• eLabeling and the Environment: How 3Mers advanced a sustainability effort

    Image of folded and stacked packets of papers

    • How eLabeling could help health care organizations minimize waste

      We see eLabeling and quick response (QR) codes on everything from concert tickets to boarding passes.

      But what about in health care?

      In an industry where single-use products and special packaging are often prerequisites for patient safety – eLabeling may make a big difference for clinicians and the environment.

      eLabeling helps reduce waste by removing disposable paper instructions and making digital instructions available in real time. Not to mention, it may help preserve critical information.

      “When a customer receives our product, they’re likely to take it out of the package and store it somewhere,” says Kristin Sedgwick, senior regulatory affairs associate at 3M. “They’ll unpack and dispose of the waste, but in the process, they end up disposing of including Instructions for Use (IFUs) and product information that are important.”

      A move toward eLabeling is one small but mighty way both manufacturers and health organizations might collaborate to improve the clinician experience, increase patient safety and minimize waste.

    • Let’s talk about waste

      Practice Greenhealth, a nonprofit organization offering sustainability solutions to the health care community, reports that non-regulated medical waste is the largest waste stream for health care organizations, comprising two-thirds of all hospital waste and more than 30 percent of the hospital waste budget. Non-regulated medical waste includes items like paper, cardboard, food, textiles and plastics.

      According to the World Health Organization (WHO), 85 percent of waste generated by health care activities around the world is general, non-hazardous waste.

      The issue of waste – and what to do with it – has been integral to sustainability conversations in health care. Increasingly, more health care organizations ask suppliers for sustainable solutions and take-back initiatives that make the manufacturer responsible for product recycling and disposal.

    • 3M Health Care’s eLabeling story

      Alexis Brannan, advanced product assurance engineer at 3M, began her career in the Optimized Operations, or O2, program. The program asks recent graduates to help the business operate more efficiently and effectively. Initially, Alexis was tasked with looking at the viability of eLabeling for the 3M Oral Care division.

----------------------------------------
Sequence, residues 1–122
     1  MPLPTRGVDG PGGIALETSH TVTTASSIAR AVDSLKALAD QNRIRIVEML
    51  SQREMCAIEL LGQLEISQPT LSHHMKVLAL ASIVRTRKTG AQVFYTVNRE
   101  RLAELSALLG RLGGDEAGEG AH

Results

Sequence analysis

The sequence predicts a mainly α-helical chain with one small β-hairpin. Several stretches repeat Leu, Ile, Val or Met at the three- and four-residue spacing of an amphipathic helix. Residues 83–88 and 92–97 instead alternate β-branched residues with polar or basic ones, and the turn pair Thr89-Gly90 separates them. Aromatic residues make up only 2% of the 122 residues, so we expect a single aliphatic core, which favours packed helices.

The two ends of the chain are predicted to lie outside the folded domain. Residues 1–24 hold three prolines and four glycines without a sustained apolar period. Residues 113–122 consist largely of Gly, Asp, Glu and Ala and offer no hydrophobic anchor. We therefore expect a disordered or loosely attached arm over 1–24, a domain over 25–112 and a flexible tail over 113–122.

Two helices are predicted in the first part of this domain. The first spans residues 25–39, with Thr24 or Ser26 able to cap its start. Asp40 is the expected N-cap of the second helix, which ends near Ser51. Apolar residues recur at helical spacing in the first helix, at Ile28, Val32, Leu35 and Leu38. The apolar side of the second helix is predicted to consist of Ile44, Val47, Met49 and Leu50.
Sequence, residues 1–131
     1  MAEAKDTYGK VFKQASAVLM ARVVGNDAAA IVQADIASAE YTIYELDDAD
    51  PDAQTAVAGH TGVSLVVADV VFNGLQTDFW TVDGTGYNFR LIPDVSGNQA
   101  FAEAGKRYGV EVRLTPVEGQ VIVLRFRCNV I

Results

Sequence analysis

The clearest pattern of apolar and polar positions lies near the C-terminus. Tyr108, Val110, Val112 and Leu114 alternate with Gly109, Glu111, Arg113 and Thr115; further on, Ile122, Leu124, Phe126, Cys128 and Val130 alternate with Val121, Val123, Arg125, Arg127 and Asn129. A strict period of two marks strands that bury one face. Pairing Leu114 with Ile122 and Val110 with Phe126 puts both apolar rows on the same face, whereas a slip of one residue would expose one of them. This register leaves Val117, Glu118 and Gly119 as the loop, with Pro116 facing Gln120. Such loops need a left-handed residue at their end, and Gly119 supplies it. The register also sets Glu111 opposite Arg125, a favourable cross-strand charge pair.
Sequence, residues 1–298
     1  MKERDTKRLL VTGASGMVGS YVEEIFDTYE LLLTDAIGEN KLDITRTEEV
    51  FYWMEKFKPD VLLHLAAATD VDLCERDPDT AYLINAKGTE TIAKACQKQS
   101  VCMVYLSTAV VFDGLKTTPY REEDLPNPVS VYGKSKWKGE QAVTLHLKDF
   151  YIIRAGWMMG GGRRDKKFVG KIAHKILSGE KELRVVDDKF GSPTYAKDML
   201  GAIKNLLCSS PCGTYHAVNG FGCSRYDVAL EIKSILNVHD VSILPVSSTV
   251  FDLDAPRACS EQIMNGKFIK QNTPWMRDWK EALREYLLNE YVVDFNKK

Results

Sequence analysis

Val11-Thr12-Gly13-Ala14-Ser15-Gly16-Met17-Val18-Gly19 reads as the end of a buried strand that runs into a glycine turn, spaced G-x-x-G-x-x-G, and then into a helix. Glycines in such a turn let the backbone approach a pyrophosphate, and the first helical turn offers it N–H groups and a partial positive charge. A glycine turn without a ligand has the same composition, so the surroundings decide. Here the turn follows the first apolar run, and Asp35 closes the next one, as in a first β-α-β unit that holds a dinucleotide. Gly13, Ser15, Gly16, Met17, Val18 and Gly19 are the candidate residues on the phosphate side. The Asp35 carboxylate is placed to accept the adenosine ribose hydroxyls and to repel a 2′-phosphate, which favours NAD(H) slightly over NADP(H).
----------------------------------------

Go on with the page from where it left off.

Soon, the project took on a life of its own.

      As Alexis dove into eLabeling, she realized she might have to take a few steps back to take a step forward. If 3M Oral Health Care were to transition to eLabeling and make IFUs available online, the business needed to invest in a platform to house those documents.

      Additionally, each country has its own eLabeling rules and regulations. The European Union Medical Device Regulations (EU MDR) and United States Medical Device Regulations (US MDR) define which products can be eLabeled.

      Alexis teamed up with Kristin to determine the requirements for each country, starting with the Oral Care business.

      Today, the platform has expanded to support eLabeling across the entire Health Care Business Group. They dedicate their 15 percent time, which encourages 3M employees to pursue projects they’re passionate about, to the eLabeling initiative.

      Together, Alexis and Kristin have populated the platform with 500 IFUs and that number is increasing exponentially as more businesses are added to the platform.

    • eLabeling is a triple win

      As more health care organizations make sustainability a priority, it will be important for companies to keep up.

      Less paper means less waste for hospitals and lower production costs – or leaner supply chains – for companies. “We will no longer have to purchase as much paper,” Alexis notes.

      “If we can lower manufacturing costs, help clinicians boost productivity, and reduce the carbon footprint,” Kristin observes, “it’s a win-win-win.”